Richard Cornelisse

European VAT Refund

In Tax News, VAT planning on 19/05/2012 at 11:40 am

From Deloitte’s European VAT Refund Guide 2012

(new European VAT refund guide 2013 – Deloitte)

“The EU directive that entered into force on 1 January 2010 (i.e. Directive 2008/09/EC) introduced a new procedure for businesses established and registered for VAT purposes within the EU to request a refund of VAT incurred in other EU member states.

The directive allows EU businesses to submit a refund claim via the internet site of the tax authorities of the country in which the claimant is established (the previous system, known as the 8th VAT Directive system, required claims to be submitted in paper and in the country in which the VAT was incurred).

In addition, new deadlines apply for submitting a claim and for the processing of refunds by the authorities.

As under the previous rules, refund requests will be addressed by the member state of refund, the amount refundable will be determined under the deduction rules of that member state and the payment of the refund will be made directly to the claimant by the member state of refund.

While the new procedure should facilitate and expedite the processing of refund claims, businesses need to be aware of deadlines and issues connected with this new process, making any necessary adjustments to their internal systems.

The 2012 European VAT Refund Guide provides detailed information on the technical and practical aspects of this procedure.

The changes made by Directive 2008/09/EC do not affect refund claims by businesses that are not established or VAT registered in an EU member state; such businesses still recover VAT incurred in EU member states according to the procedure in the 13th VAT Directive.

The 2012 Refund Guide also contains information on this procedure.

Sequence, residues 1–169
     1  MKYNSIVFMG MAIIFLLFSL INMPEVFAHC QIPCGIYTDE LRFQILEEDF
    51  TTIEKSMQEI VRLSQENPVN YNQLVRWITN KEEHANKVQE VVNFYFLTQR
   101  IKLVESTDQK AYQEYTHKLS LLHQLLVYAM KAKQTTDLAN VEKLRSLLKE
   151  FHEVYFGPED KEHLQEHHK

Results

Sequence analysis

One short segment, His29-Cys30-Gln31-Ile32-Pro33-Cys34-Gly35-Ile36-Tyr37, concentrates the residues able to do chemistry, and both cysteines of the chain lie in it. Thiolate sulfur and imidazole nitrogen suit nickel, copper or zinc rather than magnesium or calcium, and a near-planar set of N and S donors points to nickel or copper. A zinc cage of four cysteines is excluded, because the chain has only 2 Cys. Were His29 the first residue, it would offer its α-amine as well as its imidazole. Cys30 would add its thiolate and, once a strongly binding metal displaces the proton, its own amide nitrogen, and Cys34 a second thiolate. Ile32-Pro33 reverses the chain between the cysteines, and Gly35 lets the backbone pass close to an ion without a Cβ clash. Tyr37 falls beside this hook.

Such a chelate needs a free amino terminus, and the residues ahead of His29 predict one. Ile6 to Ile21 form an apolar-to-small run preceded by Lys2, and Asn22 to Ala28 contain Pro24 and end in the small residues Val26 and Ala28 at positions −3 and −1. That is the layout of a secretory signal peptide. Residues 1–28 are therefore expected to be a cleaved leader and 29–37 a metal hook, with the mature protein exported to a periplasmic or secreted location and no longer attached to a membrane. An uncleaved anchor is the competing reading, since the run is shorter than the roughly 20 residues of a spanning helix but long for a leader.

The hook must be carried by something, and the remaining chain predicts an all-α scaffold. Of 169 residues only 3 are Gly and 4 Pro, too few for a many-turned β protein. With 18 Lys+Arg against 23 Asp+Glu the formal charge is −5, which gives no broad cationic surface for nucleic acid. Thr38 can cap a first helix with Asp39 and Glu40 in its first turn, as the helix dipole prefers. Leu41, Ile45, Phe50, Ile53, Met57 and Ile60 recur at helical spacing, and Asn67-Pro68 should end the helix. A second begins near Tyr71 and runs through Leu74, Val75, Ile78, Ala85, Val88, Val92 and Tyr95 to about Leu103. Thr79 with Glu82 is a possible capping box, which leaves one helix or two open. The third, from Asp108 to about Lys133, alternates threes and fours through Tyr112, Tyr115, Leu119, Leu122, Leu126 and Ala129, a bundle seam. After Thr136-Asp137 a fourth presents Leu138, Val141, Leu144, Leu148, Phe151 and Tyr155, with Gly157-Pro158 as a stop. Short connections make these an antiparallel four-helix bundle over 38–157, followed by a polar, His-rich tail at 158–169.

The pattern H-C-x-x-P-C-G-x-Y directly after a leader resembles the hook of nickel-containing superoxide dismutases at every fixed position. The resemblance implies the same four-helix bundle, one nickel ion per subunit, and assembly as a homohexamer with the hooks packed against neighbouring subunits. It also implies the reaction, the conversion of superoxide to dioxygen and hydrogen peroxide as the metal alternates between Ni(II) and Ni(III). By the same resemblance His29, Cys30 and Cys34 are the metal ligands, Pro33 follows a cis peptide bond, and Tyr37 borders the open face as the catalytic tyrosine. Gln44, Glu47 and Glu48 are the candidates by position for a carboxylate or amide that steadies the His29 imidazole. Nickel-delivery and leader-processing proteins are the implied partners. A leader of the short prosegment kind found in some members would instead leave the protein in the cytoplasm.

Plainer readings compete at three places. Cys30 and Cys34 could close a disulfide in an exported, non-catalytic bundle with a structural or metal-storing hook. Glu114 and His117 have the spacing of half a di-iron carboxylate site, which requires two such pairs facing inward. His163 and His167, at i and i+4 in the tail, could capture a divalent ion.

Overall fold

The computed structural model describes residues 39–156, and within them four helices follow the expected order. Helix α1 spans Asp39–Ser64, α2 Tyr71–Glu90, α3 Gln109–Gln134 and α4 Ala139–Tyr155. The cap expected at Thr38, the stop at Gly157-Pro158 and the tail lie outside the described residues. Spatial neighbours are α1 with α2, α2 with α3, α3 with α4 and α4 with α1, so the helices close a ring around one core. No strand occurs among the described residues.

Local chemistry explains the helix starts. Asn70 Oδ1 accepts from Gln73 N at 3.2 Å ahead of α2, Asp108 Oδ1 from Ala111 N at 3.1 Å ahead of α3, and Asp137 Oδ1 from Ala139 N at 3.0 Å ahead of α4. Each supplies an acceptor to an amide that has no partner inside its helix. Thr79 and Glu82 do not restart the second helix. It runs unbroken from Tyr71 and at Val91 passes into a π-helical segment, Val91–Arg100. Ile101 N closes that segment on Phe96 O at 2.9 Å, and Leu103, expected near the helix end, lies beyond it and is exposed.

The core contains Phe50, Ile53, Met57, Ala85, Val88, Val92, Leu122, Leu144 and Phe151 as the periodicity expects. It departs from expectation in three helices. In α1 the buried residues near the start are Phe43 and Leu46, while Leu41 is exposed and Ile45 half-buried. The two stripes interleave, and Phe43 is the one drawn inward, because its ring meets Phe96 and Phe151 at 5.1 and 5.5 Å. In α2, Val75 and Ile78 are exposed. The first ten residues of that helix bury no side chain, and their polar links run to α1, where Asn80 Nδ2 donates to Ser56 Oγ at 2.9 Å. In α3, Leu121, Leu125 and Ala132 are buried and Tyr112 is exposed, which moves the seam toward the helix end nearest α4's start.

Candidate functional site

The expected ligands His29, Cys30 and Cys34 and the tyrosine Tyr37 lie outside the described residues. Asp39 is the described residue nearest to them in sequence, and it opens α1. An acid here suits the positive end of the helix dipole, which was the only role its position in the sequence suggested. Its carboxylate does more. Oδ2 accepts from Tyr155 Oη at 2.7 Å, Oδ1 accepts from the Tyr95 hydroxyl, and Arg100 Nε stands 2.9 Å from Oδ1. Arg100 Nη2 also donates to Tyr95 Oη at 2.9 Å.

EU Businesses (Directive 2008/09/EC)

Making Claims

Minimum amounts

Member states can set the minimum amount that may be recovered under each VAT refund application. The minimum for annual applications, or applications for the final part of a year, is EUR 50, but for interim applications, it is EUR 400. The table shows the current limits in each member state. Items omitted from earlier interim applications usually can be included in later applications filed in the same year.

Time limits

The application period is on a calendar year basis and the application form must be submitted by 30 September of the following year (different due dates may apply for quarterly refunds).

However, applications may relate to a period of less than three months where the period represents the remainder of a calendar year.

Procedure

Filing

As a general rule, the refund application must be submitted electronically through the tax portal of the tax authorities in the country in which the claimant is resident at the latest on 30 September of the calendar year following the refund period. The deadline will not be extended.

IT requirements

All refund claims submitted according to the procedure in Directive 2008/09/EC must be filed electronically. However, the method of filing, certifications, files accepted and other IT requirements vary from country to country.

Supporting documentation

In the first phase of an application, most member states do not require any documentation other than the application form (filed in the country of residence). Once the application has been transferred to the state in which VAT was incurred, that state can request additional documentation, such as invoices (originals or copies), import documents or other supporting documents.

It should be noted, however, that the European Court of Justice recently ruled that, in some cases, a nonresident business should be able to submit duplicate tax invoices where the originals have been lost for reasons beyond its control.

Refunds And Appeals

Another important change introduced by Directive 2008/09/EC is the introduction of fixed time limits for the tax authorities to issue a decision on refund claims.